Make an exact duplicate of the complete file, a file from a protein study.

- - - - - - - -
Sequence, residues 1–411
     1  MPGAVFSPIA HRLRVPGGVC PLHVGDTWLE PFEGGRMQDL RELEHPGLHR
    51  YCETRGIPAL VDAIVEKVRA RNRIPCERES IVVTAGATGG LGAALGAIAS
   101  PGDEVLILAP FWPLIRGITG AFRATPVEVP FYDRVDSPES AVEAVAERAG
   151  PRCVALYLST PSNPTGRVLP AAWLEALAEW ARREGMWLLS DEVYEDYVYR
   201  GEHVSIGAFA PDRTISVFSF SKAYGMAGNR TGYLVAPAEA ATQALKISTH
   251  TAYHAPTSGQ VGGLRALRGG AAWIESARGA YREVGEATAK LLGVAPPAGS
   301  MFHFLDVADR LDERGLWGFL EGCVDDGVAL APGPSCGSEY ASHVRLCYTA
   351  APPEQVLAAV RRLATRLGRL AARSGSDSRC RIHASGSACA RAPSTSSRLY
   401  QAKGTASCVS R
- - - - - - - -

Sequence, residues 1–411
     1  MPGAVFSPIA HRLRVPGGVC PLHVGDTWLE PFEGGRMQDL RELEHPGLHR
    51  YCETRGIPAL VDAIVEKVRA RNRIPCERES IVVTAGATGG LGAALGAIAS
   101  PGDEVLILAP FWPLIRGITG AFRATPVEVP FYDRVDSPES AVEAVAERAG
   151  PRCVALYLST PSNPTGRVLP AAWLEALAEW ARREGMWLLS DEVYEDYVYR
   201  GEHVSIGAFA PDRTISVFSF SKAYGMAGNR TGYLVAPAEA ATQALKISTH
   251  TAYHAPTSGQ VGGLRALRGG AAWIESARGA YREVGEATAK LLGVAPPAGS
   301  MFHFLDVADR LDERGLWGFL EGCVDDGVAL APGPSCGSEY ASHVRLCYTA
   351  APPEQVLAAV RRLATRLGRL AARSGSDSRC RIHASGSACA RAPSTSSRLY
   401  QAKGTASCVS R